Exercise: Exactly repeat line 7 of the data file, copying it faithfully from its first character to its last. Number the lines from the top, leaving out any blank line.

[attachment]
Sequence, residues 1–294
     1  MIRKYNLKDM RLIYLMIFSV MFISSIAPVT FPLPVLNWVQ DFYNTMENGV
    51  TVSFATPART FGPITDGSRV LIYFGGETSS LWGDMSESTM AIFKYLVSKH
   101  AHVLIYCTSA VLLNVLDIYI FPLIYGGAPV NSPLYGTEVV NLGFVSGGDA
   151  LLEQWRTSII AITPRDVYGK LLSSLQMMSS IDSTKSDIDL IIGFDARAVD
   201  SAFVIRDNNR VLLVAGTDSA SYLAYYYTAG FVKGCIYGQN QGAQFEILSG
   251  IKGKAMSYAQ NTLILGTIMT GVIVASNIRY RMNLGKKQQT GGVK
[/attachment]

   251  IKGKAMSYAQ NTLILGTIMT GVIVASNIRY RMNLGKKQQT GGVK